La Jolla Reefs
With its spectacular natural beauty, La Jolla was an obvious choice for the first settlers. Over the years, increased demand for rooms with views has established the market and turned La Jolla into an affluent enclave, as evidenced by the premium restaurants, fine art galleries, and Ferrari dealerships scattered around town.
Experience the Best of La Jolla Reefs
Wondering where to go to experience the best of La Jolla Reefs? Take a driving or walking journey along the La Jolla’s rocky points and reefs, from La Jolla Cove to Windansea Beach, to fully appreciate the simple riches that started it all. We know the perfect stops on the way!
Stop#1: La Jolla Cove
La Jolla Cove is a lovely tiny beach with just enough space for a few dozen beachgoers. It is located on the seaward end of the cliffs that form a little deep water bay in this area. The cliffs are pocked with marine caves that attract kayakers. Visitors can descend a creepy tunnel in the basement of The Cave Shop or snorkel over from The Cove on a calm day to explore the massive cave beneath “The Clam.”
As one travels south from La Jolla Cove, the coast becomes vulnerable to the whims of the sea. Boomers, a wave allocated for bodysurfing, is the second stop on the trip. A stairwell at the park’s southern end leads to Shell Beach. The main attraction here is Seal Rock, where California grey seals cluster during low tides and calm surf. If you’re feeling brave, you may stroll out on the seawall and observe the seals from a closer vantage point, but keep in mind that you’ll be closer to the waves as well.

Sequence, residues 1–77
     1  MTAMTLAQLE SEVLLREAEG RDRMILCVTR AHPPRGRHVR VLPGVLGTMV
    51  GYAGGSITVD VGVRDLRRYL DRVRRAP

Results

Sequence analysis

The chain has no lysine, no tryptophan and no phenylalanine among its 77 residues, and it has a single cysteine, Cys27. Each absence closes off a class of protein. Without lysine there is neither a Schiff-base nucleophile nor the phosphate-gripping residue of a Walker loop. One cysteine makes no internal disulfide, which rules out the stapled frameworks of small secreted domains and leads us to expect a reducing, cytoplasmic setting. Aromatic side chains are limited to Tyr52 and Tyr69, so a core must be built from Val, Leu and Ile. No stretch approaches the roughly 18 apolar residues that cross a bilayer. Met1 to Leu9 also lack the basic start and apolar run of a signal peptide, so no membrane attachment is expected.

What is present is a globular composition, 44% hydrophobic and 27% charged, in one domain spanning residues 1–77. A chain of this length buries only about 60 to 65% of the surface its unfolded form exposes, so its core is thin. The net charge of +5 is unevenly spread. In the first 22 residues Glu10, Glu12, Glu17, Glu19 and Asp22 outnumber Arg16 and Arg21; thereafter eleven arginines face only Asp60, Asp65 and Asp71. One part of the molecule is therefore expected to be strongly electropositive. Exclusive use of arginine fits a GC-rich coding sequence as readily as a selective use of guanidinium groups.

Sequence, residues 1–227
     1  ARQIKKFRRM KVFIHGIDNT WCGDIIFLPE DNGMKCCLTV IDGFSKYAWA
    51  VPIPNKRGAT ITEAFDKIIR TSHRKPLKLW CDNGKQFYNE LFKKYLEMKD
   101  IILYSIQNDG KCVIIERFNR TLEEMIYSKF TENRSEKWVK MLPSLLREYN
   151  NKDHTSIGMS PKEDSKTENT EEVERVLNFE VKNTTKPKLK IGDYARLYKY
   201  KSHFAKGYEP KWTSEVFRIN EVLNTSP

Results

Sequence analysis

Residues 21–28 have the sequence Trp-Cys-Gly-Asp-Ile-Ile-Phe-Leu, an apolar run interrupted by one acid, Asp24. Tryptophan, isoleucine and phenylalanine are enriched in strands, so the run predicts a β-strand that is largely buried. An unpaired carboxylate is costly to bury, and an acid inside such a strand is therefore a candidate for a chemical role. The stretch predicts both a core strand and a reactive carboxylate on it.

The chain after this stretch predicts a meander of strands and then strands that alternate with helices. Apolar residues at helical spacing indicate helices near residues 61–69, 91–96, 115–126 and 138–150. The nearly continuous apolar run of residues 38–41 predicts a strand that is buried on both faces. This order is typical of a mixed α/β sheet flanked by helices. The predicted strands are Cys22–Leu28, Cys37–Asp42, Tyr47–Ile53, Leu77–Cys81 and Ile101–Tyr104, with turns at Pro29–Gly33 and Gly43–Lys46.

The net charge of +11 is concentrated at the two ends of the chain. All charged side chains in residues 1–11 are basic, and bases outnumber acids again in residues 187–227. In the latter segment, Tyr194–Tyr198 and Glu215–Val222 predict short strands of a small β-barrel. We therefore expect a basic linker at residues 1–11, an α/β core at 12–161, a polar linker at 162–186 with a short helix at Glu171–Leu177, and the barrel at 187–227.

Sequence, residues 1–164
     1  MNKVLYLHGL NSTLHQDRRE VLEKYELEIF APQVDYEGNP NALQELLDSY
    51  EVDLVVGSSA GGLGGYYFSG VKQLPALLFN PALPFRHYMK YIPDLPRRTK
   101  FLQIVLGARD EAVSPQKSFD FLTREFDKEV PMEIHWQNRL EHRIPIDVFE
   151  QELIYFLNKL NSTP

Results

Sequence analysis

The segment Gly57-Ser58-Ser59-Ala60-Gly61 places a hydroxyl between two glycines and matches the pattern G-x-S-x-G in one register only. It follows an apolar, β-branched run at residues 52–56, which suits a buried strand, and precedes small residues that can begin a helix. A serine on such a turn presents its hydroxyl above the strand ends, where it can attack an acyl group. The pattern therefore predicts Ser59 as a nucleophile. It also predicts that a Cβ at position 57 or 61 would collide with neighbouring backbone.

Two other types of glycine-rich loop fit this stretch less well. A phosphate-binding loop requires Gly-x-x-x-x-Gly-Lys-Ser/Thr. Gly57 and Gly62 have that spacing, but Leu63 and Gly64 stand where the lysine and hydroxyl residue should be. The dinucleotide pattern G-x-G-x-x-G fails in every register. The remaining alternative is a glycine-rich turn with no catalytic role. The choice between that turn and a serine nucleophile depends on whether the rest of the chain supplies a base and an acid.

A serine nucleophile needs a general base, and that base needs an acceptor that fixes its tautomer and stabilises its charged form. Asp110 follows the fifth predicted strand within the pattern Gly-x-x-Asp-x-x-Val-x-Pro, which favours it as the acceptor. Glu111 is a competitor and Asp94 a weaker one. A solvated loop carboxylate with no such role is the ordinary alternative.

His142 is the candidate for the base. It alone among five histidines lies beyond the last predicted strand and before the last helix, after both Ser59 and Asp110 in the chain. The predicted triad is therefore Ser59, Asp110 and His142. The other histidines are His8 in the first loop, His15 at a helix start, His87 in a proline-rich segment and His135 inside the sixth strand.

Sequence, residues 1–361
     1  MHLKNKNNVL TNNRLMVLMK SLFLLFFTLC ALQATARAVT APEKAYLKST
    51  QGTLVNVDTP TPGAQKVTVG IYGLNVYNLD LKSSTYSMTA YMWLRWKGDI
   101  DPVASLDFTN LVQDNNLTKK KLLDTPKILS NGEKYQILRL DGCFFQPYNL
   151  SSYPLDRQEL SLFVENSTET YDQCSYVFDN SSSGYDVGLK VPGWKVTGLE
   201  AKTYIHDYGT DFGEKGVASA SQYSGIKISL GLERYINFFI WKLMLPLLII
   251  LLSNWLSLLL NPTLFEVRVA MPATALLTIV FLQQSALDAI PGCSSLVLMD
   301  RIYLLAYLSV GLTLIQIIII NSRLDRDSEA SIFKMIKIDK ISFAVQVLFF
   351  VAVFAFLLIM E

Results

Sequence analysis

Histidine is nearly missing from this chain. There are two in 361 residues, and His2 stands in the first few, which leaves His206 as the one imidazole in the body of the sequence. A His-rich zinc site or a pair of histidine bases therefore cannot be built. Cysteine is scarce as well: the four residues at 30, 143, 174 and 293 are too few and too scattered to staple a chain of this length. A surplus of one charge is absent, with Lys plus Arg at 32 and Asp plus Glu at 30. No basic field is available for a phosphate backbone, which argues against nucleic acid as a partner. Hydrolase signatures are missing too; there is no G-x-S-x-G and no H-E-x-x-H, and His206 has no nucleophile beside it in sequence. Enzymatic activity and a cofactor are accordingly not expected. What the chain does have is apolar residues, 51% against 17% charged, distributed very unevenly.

Stop#3: Casa Beach & Wipeout
Casa Beach is the teeny-tiny beach to the south of the Children’s Pool, whereas Wipeout is the slightly larger beach to the south. Both of these locations can be dangerous for swimming due to the presence of flowing water and pebbles. There are a few small caverns on the shore, but they are frequently clogged with seaweed. There are beautiful tidepools and shelling opportunities all along this stretch of shore at low tide. Although the conditions are not always cooperative, when they are, this is the best dive location in town, with magnificent underwater arches and ledges teeming with lobster.
Stop#4: Marine Street Beach
Between Horseshoe and Windansea, the road departs the coast, preventing most people from discovering Marine Street Beach, San Diego’s prettiest, whitest beach. As a result, the beach is primarily populated by teenagers and locals. Marine Street’s claim to fame is its treacherous shorebreak. Bodysurfers have brief, deep tube rides when the waves crash against the steep shelf and unload into the beach.
Stop#5: Windansea Beach
It’s often packed to capacity. The beach is divided up by rocks, producing naturally occurring alcoves of various sizes ideal for intimate parties or encounters. Between Kolmar Street and Big Rock Reef, the beach’s southern section is ideal for swimming. Lifeguards patrol near the grass shack at the end of Bonaire Street in the summer.
Final Stop: Bird Rock
From Big Rock south to P.B. Point, the remainder of the coast is characterized by foreboding cliffs and rocky beaches. The beachgoer who stumbles onto the stairs at the foot of Bird Rock Avenue on a neap tide is indeed fortunate, as they discover the sea bottom unfolding before them like a magic carpet. These are the town’s most productive reefs, with several surf locations when the swell is running!
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